Excerpted From: Josiah Pak, Korean Americans, the Protestant Christian Church, and the Future of Asian American LGBTQ Rights, 17 Hastings Race and Poverty Law Journal 553 (Summer, 2020) (170 Footnotes) (Full Document)


JosiahPakThere are always two sides to a claim. The claim here is that lesbian, gay, bisexual, trans and queer (LGBTQ) individuals living in the United States should have the same rights as heterosexual individuals.

On one side of this claim is the LGBTQ community. On the other side, it is hard to say exactly who or what exists. This is not because the other side does not have a name. Rather, the other side interchanges between multiple communities: the conservatives, the traditionalists, and the religious, to name a few. Historically, these communities have attempted, with at times success, to stifle LGBTQ rights. The very fact that marriage was only recently and finally afforded to same sex couples is a testament to the successful efforts, by these communities, to prevent LGBTQ people from enjoying equal rights. To continuously strive for equality is to understand who or what stands between basic civil rights and the LGBTQ community who has been fervently fighting for these rights.

This paper focuses on the Protestant Christian church. Specifically, the Korean American Protestant Christian church. Though this community is not entirely responsible for stonewalling LGBTQ rights, it is one of the larger communities within the opposition. Korean Americans, in fact, make up one of the largest, if not the largest, community of Protestant Christians among any Asian American community currently in the United States. Specifically, Korean Americans represent that largest portion of the American Evangelical Protestant community.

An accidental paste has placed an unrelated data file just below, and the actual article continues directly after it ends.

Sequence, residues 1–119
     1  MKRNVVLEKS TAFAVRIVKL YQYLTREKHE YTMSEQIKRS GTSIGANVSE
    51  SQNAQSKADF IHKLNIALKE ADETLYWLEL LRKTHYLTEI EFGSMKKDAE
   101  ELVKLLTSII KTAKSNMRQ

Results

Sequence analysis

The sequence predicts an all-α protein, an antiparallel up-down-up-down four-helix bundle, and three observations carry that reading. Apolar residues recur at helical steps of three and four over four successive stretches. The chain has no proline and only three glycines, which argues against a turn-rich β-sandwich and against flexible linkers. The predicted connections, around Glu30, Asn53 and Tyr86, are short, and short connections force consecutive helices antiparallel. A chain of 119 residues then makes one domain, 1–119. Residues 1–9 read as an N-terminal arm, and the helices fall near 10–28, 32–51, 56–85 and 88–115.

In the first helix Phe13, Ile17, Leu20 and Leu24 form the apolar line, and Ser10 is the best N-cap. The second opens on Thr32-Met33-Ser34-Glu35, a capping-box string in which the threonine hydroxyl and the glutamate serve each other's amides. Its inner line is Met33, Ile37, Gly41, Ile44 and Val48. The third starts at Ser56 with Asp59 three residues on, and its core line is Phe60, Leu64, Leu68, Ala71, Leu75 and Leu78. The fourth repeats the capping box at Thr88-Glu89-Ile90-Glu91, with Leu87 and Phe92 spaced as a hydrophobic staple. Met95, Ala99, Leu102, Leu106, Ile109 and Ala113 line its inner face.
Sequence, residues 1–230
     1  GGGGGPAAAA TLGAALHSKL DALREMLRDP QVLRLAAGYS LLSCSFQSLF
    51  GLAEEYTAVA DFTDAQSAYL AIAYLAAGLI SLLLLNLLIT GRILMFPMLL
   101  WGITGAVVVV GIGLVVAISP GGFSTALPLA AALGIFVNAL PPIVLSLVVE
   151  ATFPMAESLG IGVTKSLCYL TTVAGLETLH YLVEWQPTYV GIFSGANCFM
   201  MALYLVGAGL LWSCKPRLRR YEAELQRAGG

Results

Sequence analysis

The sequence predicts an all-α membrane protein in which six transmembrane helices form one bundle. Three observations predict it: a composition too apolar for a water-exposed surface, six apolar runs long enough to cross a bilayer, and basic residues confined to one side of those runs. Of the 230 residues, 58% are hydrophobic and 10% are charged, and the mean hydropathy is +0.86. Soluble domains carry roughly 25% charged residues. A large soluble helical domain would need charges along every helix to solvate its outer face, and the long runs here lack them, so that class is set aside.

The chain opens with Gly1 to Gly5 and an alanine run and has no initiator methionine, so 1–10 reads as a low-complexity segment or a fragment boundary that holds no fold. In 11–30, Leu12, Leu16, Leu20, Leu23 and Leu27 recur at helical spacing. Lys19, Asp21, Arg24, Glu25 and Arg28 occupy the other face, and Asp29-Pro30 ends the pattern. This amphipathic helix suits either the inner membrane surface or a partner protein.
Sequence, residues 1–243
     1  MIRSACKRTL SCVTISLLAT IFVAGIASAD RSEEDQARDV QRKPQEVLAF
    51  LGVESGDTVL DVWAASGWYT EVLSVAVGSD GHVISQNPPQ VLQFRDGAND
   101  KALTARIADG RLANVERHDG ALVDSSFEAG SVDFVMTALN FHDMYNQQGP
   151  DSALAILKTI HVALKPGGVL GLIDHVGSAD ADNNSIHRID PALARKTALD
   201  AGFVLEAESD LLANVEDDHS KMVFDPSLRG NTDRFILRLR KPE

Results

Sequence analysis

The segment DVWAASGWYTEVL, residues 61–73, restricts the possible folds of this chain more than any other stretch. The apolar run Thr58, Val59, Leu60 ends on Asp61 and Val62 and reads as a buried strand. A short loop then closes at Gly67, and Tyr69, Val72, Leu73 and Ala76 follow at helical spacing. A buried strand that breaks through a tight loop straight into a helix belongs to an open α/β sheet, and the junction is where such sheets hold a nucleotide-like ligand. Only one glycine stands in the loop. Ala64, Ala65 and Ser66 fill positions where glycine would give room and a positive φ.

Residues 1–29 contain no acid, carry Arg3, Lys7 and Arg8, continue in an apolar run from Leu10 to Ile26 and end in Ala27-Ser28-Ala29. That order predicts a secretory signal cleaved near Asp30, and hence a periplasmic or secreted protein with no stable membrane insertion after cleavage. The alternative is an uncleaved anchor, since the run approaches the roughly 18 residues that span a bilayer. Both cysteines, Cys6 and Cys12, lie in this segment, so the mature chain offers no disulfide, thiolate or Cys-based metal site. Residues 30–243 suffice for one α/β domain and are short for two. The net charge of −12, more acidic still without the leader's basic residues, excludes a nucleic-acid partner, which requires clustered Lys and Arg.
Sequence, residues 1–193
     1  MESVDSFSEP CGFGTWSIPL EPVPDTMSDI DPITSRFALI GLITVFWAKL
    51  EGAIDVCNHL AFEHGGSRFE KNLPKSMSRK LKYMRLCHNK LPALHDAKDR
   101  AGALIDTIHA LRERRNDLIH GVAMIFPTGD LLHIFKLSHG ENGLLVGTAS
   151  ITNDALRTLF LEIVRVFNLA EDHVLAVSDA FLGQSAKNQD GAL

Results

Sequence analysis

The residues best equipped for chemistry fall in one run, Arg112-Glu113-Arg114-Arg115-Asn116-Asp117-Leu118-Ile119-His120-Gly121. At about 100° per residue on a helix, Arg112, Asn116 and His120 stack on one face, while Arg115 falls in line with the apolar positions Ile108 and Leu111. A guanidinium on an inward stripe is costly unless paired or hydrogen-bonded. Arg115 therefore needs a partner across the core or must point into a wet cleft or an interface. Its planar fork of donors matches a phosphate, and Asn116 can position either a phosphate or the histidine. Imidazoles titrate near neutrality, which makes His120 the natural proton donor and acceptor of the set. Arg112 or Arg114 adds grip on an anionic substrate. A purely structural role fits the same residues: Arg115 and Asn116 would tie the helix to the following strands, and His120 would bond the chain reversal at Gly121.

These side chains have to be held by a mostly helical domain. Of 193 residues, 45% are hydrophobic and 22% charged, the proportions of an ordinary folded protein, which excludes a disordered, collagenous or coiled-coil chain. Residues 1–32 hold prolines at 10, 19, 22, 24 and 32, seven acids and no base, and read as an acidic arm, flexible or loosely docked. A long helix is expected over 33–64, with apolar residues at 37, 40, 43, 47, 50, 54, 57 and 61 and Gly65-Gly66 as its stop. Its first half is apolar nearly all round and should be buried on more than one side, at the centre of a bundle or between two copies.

In the current American landscape, the Korean American Protestant community is represented by two groups: the first-generation Korean American immigrants and their children, native-born second-generation Korean Americans. The former brought remnants of Christianity from their homeland during the process of emigration. First-generation Korean American immigrants likely fit squarely within the conservative, traditionalist, and religious framework of those preventing equal LGBTQ rights. However, as immigration from Korea slowly declines, their hold on Korean American society and, in turn, politics wane slowly.

The latter group, the second-generation Korean American, is often engaged in what is known as “the pendulum swing.” This generation swings between ideologies and social underpinnings of the older generation and a new “American” identity. At a certain point, however, the pendulum will eventually settle. The exact location it settles is most critical for the future of LGBTQ rights.

This paper seeks to analyze the Korean American Protestant Christian's future engagement as it pertains to LGBTQ rights; specifically, as it pertains to Asian American LGBTQ rights. By recounting Korean immigration to the United States, the role of the Protestant Christian church to these newly immigrated Koreans, and the influence of the Korean American Protestant Christian church in previous LGBTQ-related battles, this paper seeks to understand Korean Americans Protestant Christian attitudes regarding future LGBTQ issues.